Judges are boycotting courthouse in South Dakota town named for a war criminal

A state park, a peak, a county and a town in the Black Hills, a county and national forest in Montana are named after a murderer. During the Battle of Greasy Grass on the banks of the Little Bighorn River in Montana George Custer attacked the encampment where the elderly, women and children were hidden and during the Washita Massacre he held a similar contingent as hostages and human shields. 

George Custer, Phil Sheridan, George Crook and William Harney all committed crimes against humanity yet their names still besmirch numerous government and geographical features. Crook City near Whitewood and Crook's Tower, one of the 7000 footers in the Black Hills, were named after a war criminal. 

Revisionist history turned the Wounded Knee Massacre into a battle now Senator Mike Rounds (NAZI-SD) said he won't vote for the Senate companion to the Remove the Stain Act that would rescind Medals of Honor for twenty war criminals responsible for the slaughter of children, women and men in 1890 at Wounded Knee in occupied South Dakota. But he and the South Dakota Republican Party are hardly the only racists in the colonized American West.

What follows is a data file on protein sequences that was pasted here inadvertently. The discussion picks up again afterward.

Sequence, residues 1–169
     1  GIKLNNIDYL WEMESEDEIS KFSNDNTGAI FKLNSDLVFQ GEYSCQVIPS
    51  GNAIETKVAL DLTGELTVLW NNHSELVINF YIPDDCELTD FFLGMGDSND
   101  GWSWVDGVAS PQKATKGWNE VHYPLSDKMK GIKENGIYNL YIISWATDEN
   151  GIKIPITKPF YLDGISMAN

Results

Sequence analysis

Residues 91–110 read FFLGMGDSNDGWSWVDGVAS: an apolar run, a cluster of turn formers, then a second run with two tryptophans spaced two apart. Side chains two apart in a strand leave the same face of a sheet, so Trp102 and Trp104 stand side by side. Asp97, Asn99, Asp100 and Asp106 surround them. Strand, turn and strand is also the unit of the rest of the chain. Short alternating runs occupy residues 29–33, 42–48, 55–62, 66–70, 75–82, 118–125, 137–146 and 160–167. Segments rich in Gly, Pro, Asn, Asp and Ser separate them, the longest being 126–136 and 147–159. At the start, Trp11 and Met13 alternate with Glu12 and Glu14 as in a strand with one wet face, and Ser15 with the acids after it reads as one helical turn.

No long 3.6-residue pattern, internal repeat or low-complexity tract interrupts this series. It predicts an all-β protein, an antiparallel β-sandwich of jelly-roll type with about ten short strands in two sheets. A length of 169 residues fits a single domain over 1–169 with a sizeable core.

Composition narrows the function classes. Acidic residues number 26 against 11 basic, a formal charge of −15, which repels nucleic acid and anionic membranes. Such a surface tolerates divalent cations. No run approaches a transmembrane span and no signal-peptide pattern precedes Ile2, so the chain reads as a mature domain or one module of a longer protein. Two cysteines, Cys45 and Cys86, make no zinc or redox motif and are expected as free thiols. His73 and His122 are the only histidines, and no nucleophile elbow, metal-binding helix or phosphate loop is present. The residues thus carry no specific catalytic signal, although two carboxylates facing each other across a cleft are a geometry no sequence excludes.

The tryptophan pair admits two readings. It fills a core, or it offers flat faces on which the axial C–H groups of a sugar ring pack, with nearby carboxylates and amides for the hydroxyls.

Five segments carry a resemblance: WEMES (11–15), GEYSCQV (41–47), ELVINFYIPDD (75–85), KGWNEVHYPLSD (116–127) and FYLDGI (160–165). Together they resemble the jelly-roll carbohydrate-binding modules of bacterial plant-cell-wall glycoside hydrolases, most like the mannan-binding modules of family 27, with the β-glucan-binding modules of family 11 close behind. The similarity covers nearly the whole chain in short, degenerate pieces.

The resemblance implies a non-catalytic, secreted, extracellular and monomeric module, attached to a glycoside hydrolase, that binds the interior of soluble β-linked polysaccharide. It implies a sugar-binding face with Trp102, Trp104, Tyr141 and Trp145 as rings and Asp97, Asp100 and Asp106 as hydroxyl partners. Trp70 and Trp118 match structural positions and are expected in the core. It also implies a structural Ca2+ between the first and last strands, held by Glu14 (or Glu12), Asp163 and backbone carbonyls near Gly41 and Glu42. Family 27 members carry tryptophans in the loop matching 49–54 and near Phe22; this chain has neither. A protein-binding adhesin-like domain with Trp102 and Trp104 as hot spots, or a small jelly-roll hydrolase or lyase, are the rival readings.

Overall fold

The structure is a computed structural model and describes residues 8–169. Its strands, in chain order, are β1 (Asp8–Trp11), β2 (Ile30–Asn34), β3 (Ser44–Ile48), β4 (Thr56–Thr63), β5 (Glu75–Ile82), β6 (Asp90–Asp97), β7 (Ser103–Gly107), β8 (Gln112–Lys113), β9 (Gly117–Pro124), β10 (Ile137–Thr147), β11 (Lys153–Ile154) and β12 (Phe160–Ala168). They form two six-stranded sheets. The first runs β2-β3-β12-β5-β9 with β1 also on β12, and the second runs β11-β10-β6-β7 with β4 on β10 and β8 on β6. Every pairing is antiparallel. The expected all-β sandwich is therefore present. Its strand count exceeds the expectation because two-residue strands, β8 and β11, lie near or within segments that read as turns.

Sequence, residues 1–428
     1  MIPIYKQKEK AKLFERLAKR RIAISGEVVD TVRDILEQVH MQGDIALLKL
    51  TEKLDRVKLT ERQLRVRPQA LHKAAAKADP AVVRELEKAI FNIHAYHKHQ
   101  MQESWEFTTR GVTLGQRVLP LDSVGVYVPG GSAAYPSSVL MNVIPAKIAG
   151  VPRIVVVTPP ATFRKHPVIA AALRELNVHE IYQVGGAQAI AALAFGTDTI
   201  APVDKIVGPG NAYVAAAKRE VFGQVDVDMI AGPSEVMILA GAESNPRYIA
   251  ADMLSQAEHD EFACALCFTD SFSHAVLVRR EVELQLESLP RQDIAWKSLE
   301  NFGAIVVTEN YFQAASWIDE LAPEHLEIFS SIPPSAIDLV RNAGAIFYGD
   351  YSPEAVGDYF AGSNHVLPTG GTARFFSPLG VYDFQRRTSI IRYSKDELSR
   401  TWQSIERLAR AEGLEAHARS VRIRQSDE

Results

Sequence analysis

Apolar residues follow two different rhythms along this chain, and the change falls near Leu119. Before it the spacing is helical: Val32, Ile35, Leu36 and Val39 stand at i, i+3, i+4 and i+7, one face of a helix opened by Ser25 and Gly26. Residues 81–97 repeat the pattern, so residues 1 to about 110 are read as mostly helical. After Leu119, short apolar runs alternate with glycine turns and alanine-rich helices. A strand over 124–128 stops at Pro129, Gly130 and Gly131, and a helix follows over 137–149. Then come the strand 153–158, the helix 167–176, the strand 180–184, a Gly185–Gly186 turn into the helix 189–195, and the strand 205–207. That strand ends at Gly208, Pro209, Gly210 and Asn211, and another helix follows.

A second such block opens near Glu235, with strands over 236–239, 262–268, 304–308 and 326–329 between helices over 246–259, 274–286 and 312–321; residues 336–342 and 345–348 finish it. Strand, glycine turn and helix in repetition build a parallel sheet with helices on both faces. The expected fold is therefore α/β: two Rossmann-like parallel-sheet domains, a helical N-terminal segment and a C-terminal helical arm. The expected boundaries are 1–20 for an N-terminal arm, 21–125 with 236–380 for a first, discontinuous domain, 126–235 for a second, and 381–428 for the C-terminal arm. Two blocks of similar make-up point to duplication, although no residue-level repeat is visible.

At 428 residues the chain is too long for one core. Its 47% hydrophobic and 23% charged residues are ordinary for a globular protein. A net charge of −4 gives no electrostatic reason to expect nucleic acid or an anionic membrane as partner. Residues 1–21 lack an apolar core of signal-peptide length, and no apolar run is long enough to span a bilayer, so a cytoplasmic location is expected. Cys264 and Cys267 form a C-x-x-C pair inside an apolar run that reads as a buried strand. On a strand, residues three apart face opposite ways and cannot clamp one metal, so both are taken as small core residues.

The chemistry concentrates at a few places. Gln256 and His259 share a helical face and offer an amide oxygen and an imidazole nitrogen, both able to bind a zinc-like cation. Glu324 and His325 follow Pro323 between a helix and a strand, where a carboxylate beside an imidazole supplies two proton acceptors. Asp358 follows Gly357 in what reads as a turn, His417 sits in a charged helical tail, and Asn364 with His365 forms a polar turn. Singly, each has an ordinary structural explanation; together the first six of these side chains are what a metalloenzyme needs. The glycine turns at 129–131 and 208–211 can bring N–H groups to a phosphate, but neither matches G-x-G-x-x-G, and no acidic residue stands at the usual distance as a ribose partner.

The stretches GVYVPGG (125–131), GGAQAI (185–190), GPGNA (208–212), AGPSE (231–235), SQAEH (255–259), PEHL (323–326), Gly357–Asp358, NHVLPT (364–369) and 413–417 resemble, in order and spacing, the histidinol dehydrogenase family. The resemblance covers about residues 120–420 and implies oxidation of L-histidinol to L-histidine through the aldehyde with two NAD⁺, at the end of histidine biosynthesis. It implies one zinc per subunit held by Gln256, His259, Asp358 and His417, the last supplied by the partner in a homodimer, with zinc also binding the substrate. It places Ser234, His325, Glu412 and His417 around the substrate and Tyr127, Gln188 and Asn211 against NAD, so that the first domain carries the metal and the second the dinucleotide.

In 1973 the below-mentioned courthouse was the scene of a confrontation between Native American activists that not only led to the occupation of Wounded Knee on the Oglala Lakota Nation it led to the creation of a white nationalist militia in the county named for a war criminal.
The Custer County Commission declined to make changes to its resolution to allow the public to carry a firearm into the courthouse. In an update, the Seventh Judicial Circuit Court has deemed the courthouse "unsuitable and insufficient due to safety concerns" due to the resolution. As of now, Seventh Circuit judges are refusing to come to Custer for court, and are conducting court either through audiovisual means or requiring people come to the Pennington County Courthouse in Rapid City. 

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